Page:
I used to analyse performance of programmers in my team by looking at the issues they have closed. Many of the issues are of course bugs. And here another important performance aspect comes - who introduced the bugs. I am wondering, if creating a custom field in the issue tracking system "Blamed" for reporting the person who generated the problem, is a good practice.

One one hand it seems ok to me to promote personal responsibility for quality and this could reduce the additional work we have due to careless programming. On the other hand this is negative, things are sometimes vague and sometimes there is a reason such us "this thing had to be done very quickly due to a client's...".

What to you think?

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    What do you plan on doing with this information and how much of a productivity decline will you accept because no one want to ever check in a bug and will fight to the death to avoid being the one to blame.
    – JeffO
    Jun 2, 2014 at 20:22
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    This is both a duplicate questions and a terrible idea, for reasons documented in the duped question. Jun 2, 2014 at 20:37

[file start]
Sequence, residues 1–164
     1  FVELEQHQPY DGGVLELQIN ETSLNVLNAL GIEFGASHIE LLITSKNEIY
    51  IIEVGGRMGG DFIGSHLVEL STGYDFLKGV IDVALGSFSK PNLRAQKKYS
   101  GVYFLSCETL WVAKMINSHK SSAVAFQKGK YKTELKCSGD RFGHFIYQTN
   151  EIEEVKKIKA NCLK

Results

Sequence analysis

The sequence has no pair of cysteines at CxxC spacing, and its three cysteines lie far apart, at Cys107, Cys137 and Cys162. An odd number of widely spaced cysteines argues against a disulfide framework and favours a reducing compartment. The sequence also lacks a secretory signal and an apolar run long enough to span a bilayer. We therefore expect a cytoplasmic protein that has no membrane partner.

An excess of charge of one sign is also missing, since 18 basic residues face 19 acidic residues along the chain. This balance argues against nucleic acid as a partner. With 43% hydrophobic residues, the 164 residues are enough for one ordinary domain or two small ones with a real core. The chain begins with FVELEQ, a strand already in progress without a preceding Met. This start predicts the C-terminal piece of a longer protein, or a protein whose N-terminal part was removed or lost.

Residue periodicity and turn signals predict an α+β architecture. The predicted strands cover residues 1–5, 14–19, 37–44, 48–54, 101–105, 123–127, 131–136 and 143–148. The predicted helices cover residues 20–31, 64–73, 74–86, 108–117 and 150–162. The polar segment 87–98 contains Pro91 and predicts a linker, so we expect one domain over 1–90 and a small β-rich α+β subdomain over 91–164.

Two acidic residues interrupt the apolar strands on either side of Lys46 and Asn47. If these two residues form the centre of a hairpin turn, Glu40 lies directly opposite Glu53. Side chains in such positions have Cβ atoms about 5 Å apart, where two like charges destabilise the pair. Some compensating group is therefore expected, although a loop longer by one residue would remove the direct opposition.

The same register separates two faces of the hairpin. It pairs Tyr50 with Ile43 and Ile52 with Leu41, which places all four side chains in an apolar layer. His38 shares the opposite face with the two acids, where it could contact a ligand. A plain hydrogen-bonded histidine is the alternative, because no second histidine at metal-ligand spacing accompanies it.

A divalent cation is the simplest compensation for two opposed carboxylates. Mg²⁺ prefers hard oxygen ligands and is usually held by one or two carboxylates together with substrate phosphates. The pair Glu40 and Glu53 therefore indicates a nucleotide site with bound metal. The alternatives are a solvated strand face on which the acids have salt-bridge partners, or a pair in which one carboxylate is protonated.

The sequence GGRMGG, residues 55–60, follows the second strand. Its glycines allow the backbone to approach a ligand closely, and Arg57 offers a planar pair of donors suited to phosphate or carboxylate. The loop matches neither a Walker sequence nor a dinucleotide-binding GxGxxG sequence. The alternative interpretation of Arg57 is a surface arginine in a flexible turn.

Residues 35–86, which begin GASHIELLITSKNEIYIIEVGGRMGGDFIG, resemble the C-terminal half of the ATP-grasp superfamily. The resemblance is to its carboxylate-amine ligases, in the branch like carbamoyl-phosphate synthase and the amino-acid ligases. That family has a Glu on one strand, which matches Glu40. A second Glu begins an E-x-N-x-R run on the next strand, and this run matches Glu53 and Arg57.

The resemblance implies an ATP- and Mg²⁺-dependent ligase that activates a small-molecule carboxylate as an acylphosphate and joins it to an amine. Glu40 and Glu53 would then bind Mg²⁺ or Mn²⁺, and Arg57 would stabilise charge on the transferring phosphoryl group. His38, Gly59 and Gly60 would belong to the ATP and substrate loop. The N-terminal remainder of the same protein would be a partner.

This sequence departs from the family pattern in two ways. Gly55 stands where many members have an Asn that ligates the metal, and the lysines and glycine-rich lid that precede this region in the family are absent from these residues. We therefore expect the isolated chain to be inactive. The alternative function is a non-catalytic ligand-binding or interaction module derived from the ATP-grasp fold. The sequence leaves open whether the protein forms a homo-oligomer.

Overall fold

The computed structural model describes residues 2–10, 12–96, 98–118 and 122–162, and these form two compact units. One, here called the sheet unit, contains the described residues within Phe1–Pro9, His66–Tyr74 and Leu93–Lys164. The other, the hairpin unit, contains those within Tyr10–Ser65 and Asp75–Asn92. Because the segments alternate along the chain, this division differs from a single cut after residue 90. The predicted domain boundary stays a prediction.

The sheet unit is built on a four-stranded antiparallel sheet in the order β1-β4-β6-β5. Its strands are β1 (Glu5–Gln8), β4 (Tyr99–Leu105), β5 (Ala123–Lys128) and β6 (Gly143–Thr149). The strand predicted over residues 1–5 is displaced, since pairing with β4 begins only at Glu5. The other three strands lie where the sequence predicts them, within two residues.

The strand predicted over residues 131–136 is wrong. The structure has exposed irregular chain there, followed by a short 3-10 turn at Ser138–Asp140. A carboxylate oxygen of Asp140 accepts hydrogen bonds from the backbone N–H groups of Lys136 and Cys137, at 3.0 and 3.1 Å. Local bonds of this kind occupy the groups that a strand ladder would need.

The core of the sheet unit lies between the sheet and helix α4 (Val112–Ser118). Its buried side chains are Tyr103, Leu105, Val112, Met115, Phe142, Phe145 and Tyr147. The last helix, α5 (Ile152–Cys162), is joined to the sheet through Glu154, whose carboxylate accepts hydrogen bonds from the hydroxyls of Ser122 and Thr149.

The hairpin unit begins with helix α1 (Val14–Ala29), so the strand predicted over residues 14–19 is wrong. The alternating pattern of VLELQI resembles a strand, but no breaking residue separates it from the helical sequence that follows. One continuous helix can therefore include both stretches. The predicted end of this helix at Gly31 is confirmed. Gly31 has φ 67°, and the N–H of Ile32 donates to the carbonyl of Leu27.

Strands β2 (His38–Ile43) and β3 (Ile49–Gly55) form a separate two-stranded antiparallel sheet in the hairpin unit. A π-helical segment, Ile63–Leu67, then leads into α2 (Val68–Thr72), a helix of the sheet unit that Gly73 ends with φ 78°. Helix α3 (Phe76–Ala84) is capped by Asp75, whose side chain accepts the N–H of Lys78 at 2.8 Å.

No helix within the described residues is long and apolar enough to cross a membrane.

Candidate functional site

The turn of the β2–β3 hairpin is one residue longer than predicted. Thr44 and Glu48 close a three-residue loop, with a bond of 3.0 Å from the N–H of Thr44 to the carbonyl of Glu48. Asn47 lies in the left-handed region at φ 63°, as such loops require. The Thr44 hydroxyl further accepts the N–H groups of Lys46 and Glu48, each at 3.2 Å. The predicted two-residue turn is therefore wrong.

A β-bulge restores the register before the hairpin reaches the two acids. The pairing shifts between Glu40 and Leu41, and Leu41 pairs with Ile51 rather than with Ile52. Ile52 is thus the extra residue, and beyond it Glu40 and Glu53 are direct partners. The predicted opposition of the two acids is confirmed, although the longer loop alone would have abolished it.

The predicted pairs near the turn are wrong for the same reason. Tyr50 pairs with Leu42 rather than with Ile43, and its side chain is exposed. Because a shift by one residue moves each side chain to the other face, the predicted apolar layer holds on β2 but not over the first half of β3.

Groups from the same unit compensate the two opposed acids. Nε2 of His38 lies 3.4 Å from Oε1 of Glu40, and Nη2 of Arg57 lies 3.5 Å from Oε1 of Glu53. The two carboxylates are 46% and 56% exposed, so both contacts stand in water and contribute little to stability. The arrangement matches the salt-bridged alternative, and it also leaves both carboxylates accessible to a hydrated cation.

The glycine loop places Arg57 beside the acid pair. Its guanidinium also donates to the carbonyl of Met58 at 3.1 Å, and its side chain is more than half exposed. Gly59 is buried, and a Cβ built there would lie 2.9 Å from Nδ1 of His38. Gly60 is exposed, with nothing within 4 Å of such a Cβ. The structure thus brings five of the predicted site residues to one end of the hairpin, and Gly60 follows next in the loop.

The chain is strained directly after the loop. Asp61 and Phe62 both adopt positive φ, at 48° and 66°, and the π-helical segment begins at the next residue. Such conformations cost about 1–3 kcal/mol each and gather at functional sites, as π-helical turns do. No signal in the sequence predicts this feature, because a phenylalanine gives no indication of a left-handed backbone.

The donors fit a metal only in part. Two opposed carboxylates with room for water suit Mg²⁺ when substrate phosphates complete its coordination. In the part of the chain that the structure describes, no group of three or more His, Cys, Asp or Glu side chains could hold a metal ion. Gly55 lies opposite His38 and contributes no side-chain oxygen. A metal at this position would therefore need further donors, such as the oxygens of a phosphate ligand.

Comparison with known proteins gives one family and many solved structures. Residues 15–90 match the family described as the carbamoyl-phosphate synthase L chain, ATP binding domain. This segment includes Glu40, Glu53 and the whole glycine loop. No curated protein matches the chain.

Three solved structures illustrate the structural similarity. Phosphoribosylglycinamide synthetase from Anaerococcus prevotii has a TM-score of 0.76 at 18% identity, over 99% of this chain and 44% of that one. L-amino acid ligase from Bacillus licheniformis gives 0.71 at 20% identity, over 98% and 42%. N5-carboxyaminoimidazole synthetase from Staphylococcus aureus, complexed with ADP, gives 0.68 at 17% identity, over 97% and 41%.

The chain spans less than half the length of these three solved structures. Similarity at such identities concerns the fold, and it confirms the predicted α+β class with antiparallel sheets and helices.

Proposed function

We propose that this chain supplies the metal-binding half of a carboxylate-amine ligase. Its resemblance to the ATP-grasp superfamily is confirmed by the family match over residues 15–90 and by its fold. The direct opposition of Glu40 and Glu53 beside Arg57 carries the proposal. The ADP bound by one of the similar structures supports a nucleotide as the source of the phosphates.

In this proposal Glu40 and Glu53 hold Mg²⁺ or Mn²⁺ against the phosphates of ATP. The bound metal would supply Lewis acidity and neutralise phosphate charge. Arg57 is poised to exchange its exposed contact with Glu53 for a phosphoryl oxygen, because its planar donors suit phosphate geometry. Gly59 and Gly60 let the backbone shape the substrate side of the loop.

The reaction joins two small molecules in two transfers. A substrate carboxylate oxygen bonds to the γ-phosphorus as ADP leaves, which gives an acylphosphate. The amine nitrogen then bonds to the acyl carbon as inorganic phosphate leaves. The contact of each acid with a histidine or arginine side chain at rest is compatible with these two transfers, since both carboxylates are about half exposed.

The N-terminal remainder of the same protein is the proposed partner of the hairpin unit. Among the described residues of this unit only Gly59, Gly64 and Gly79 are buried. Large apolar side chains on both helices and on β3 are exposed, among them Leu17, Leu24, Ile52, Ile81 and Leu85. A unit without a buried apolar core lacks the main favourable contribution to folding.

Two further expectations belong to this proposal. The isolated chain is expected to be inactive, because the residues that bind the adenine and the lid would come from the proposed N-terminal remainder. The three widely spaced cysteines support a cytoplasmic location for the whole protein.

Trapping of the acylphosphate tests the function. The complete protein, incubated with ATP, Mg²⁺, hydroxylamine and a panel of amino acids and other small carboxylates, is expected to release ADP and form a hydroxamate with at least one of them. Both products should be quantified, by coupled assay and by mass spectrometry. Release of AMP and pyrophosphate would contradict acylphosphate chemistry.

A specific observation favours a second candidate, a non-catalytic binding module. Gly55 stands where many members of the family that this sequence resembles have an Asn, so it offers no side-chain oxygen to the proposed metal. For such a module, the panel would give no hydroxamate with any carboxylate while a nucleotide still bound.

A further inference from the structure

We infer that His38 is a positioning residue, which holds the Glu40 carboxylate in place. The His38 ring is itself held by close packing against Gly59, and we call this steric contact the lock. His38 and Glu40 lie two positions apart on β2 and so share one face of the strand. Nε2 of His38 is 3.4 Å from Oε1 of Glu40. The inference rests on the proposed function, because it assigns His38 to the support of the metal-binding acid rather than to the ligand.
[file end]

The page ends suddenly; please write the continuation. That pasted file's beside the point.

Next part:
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    It doesn't have to be negative. Quite frankly I would be delighted to have a one on one with a colleague about a tricky bug I created. Generally human nature makes this tough. Too many people take things personally. Jun 2, 2014 at 20:41
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    JensG it may not be intended to be about "blame", but when the OP creates a field called 'Blame' with peoples names in it, some people tend to see the obvious: you are blaming someone. It is good to figure it out and analyze that I agree. Doing it via a field called blame does not seem a good approach imho. One alternative is to use retrospectives to review prior work. Jun 2, 2014 at 21:43

1 Answer 1


No, no, 1024 times no

What's important is to figure out how to prevent similar future bugs. Everyone makes mistakes, there is nothing to be gained from finger-pointing. Blaming people does not improve the process, nor does it help the team

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